Book Image

Game Programming Using Qt: Beginner's Guide

By : Lorenz Haas, Witold Wysota, Witold Wysota, Lorenz Haas
Book Image

Game Programming Using Qt: Beginner's Guide

By: Lorenz Haas, Witold Wysota, Witold Wysota, Lorenz Haas

Overview of this book

Qt is the leading cross-platform toolkit for all significant desktop, mobile, and embedded platforms and is becoming more popular by the day, especially on mobile and embedded devices. Despite its simplicity, it's a powerful tool that perfectly fits game developers’ needs. Using Qt and Qt Quick, it is easy to build fun games or shiny user interfaces. You only need to create your game once and deploy it on all major platforms like iOS, Android, and WinRT without changing a single source file. The book begins with a brief introduction to creating an application and preparing a working environment for both desktop and mobile platforms. It then dives deeper into the basics of creating graphical interfaces and Qt core concepts of data processing and display before you try creating a game. As you progress through the chapters, you’ll learn to enrich your games by implementing network connectivity and employing scripting. We then delve into Qt Quick, OpenGL, and various other tools to add game logic, design animation, add game physics, and build astonishing UI for the games. Towards the final chapters, you’ll learn to exploit mobile device features such as accelerators and sensors to build engaging user experiences. If you are planning to learn about Qt and its associated toolsets to build apps and games, this book is a must have.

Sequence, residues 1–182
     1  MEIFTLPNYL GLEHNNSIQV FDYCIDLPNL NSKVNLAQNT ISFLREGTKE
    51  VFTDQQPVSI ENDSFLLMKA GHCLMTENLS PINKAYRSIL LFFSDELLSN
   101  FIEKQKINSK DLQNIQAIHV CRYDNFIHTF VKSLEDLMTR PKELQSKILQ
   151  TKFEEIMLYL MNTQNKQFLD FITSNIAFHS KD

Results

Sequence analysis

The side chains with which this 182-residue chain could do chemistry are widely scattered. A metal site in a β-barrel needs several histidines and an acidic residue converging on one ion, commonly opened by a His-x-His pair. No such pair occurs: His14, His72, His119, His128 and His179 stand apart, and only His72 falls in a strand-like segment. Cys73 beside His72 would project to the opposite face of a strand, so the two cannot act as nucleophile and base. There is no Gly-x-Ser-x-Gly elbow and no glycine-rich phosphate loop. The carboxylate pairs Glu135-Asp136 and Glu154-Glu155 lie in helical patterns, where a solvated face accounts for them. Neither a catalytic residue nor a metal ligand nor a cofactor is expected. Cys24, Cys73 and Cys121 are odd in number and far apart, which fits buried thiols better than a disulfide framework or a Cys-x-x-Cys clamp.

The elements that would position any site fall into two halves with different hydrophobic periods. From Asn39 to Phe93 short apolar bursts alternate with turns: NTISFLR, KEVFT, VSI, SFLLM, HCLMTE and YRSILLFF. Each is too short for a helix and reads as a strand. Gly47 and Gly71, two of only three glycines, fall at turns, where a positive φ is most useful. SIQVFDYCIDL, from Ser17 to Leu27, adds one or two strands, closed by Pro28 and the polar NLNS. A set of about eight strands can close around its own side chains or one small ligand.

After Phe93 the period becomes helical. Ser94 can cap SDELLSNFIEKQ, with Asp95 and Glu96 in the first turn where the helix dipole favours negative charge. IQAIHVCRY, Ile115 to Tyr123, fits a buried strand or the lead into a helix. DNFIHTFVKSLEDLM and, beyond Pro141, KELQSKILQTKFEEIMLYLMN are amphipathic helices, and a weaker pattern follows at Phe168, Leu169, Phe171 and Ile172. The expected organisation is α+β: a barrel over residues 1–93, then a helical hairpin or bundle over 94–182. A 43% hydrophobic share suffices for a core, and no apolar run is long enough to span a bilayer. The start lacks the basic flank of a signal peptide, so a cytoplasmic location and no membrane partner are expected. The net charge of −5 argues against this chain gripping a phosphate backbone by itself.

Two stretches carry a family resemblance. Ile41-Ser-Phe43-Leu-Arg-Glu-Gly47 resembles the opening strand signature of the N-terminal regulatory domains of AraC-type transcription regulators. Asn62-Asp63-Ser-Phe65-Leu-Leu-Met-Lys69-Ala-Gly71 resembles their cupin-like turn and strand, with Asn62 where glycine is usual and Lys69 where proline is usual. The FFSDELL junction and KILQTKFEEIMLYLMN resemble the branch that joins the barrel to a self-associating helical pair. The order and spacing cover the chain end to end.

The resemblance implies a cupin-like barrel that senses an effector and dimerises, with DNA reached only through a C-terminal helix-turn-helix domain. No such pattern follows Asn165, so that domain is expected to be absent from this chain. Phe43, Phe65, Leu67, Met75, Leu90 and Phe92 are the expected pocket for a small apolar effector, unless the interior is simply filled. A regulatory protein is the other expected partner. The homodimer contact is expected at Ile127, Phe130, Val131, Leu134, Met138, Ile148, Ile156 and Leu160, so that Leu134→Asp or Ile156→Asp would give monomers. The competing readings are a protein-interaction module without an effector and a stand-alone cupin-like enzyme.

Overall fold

Table of Contents (18 chapters)
Game Programming Using Qt
About the Authors
About the Reviewers

Time for action – designing the game configuration dialog

Now, we will use Qt Designer forms to build a simple game configuration dialog that will let us choose names for our players.

First, invoke the new file dialog from the menu and choose to create a new Qt Designer Form Class as shown in the following screenshot:

In the window that appears, choose Dialog with Buttons Bottom:

Adjust the class name to ConfigurationDialog, leave the rest of the settings at their default values, and complete the wizard.

Drag and drop two labels and two line edits on the form, position them roughly in a grid, double-click on each of the labels, and adjust their captions to receive a result similar to the following figure:

Select the first line to edit and look at the property editor. Find a property called objectName and change it to player1Name. Do the same for the other line and call it player2Name. Then, click on some empty space in the form and choose the Layout in a grid entry in the upper toolbar. You should...